* The bill closes the so-called “boyfriend loophole” by leaving it entirely up to the courts to decide who can lose their Second Amendment rights. The bill redefines misdemeanors for domestic violence to including anyone in a current or “recent former dating relationship” with the victim, but then forces the courts to decide whether someone’s dating relationship was sufficiently “serious.”


o Only a bill this stupid would ask the courts to start figuring out if people’s dating relationships are “just a fling” or something serious.


o Current law already prohibits possession of a gun by anyone subject to a restraining order relating to potential violence toward anyone with whom they cohabitate.


Other Provisions


* The bill requires that the Centers for Medicare & Medicaid Services issue guidance about increasing access to health care and mental health care, especially in schools. It’s unclear whether this will actually cause any potentially problematic gun purchaser in school to receive care that they would not otherwise receive. The bill also requires expanding a 2014 pilot program for behavioral health care services and billing, although that program hasn’t yet had clear results.


* The bill creates a new federal crime for “straw purchases” where someone intentionally buys a gun on behalf of someone else. While this sounds helpful, straw purchases are already illegal under federal law. Further, while the bill establishes a maximum sentence of 15 years for straw purchases (up from the current maximum of 10 years), judges already routinely sentence straw purchasers to just a few years or less, so increasing the maximum sentence doesn't change anything.


* The bill criminalizes smuggling guns out of the United States (current law only criminalizes smuggling guns into the United States). There’s no indication that this will have anything to do with reducing shooting deaths in the United States.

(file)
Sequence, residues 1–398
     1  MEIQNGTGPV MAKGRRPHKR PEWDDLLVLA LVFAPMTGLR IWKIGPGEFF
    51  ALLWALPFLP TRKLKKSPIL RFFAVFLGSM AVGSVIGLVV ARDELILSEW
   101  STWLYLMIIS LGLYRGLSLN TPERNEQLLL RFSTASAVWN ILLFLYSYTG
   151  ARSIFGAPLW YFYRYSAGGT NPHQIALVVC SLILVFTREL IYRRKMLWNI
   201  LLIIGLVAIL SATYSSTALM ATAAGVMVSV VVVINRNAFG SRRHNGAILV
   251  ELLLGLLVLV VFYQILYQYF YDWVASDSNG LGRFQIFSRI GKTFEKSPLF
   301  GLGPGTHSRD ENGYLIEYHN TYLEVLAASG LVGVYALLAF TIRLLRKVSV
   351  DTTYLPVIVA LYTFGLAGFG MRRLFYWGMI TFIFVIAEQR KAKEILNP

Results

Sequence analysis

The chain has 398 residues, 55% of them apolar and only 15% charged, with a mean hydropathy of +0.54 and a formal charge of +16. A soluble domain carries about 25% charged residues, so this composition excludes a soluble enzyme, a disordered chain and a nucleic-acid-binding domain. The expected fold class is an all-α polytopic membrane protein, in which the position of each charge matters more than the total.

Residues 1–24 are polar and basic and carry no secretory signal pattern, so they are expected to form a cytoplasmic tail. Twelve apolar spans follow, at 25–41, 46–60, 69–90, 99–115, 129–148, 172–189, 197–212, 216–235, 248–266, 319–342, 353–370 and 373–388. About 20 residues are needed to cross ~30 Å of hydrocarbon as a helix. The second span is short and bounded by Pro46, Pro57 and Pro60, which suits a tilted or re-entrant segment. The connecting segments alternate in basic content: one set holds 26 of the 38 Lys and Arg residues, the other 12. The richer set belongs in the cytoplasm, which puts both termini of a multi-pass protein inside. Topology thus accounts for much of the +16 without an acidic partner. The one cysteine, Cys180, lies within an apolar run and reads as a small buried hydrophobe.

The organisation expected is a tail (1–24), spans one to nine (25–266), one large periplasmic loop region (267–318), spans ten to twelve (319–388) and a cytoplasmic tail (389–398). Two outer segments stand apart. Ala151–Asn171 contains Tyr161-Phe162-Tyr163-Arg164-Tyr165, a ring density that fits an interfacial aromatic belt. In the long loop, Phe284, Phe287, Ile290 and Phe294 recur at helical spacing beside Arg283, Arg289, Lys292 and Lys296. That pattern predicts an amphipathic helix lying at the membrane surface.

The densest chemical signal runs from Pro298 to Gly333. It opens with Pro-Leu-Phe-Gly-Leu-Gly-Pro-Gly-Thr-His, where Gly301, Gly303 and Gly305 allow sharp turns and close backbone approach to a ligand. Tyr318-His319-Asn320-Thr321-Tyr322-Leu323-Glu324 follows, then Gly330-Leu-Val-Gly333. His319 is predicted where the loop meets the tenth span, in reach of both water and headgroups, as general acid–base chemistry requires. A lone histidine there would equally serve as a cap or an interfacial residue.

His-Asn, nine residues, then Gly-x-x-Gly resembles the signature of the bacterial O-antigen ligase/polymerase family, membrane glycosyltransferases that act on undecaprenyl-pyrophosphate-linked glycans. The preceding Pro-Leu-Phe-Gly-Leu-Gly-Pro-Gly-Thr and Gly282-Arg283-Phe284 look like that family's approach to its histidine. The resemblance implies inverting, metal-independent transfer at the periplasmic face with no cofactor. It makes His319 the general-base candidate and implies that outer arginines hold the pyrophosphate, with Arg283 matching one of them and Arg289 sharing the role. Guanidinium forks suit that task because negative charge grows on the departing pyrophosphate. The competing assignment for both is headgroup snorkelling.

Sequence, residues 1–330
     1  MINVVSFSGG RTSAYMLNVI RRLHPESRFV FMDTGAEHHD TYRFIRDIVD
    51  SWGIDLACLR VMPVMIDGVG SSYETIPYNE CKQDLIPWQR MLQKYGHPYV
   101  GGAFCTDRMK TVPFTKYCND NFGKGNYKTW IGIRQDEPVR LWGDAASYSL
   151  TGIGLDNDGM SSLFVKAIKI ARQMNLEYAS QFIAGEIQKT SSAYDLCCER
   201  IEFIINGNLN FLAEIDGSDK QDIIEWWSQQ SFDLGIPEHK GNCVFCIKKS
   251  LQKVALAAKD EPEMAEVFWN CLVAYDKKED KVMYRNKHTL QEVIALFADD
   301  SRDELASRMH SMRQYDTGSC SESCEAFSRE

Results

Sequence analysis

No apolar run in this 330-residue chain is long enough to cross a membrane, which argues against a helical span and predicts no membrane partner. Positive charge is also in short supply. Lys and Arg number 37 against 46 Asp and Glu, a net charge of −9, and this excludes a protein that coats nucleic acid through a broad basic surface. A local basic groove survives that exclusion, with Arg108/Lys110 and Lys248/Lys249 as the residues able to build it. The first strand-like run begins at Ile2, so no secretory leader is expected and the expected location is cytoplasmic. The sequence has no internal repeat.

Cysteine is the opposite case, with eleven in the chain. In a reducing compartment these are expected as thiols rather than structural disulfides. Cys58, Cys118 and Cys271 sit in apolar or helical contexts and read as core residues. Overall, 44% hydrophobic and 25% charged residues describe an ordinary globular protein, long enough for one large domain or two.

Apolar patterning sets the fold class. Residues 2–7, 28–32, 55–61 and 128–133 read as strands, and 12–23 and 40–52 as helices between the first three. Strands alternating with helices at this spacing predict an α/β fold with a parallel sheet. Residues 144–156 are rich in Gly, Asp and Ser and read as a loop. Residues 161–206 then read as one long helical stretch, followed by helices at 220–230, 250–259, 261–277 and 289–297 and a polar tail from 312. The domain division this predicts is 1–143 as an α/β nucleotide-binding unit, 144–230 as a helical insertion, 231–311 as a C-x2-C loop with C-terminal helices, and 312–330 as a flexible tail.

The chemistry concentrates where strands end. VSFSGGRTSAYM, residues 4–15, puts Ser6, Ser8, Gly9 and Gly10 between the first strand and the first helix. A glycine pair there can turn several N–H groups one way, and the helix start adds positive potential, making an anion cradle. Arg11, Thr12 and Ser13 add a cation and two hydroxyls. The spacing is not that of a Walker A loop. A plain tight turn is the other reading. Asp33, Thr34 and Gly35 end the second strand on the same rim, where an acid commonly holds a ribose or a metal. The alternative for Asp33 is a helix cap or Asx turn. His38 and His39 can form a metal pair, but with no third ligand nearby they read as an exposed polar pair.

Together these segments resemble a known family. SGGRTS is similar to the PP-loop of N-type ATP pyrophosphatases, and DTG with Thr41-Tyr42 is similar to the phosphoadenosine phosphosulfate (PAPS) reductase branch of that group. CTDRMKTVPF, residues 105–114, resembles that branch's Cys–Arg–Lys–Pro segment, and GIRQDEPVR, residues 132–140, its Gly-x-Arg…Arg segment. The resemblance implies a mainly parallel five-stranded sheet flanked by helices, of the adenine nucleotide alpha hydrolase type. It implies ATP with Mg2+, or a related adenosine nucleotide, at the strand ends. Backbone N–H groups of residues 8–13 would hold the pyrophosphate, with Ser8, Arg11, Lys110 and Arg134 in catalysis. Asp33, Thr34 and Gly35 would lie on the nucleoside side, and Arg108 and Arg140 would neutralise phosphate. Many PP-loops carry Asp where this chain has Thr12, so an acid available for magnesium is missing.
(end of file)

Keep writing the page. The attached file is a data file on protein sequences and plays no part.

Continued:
These are the 34 Republican senators who voted against the bill. The Capitol Switchboard is (1-866-220-0044), call today and thank your Senator if he or she stood for the Constitution and the Second Amendment and opposed this phony bill which does nothing to improve school safety.


John Barrasso, Wyoming

Marsha Blackburn, Tennessee

John Boozman, Arkansas

Mike Braun, Indiana

Tom Cotton, Arkansas

Mike Crapo, Idaho

Ted Cruz, Texas

Steve Daines, Montana

Deb Fischer, Nebraska

Chuck Grassley, Iowa

Bill Hagerty, Tennessee

Josh Hawley, Missouri

John Hoeven, North Dakota

Cindy Hyde-Smith, Mississippi

Jim Inhofe, Oklahoma

Ron Johnson, Wisconsin

John Kennedy, Louisiana

James Lankford, Oklahoma

Mike Lee, Utah

Cynthia Lummis, Wyoming

Roger Marshall, Kansas

Jerry Moran, Kansas

Rand Paul, Kentucky

Jim Risch, Idaho

Mike Rounds, South Dakota

Marco Rubio, Florida

Ben Sasse, Nebraska

Rick Scott, Florida

Tim Scott, South Carolina

Richard Shelby, Alabama

Dan Sullivan, Alaska

John Thune, South Dakota

Tommy Tuberville, Alabama

Roger Wicker, Mississippi


  • school shootings

  • senate agreement

  • gun control

  • harden schools

  • arm teachers

  • Joe Biden

  • gun free zones

  • gun laws

  • mental healthcare

  • Second Amendment

  • Senator Chris Murphy

  • Senator John Cornyn

  • bill framework

  • waiting periods

  • gun purchase holds

  • 2022 midterm elections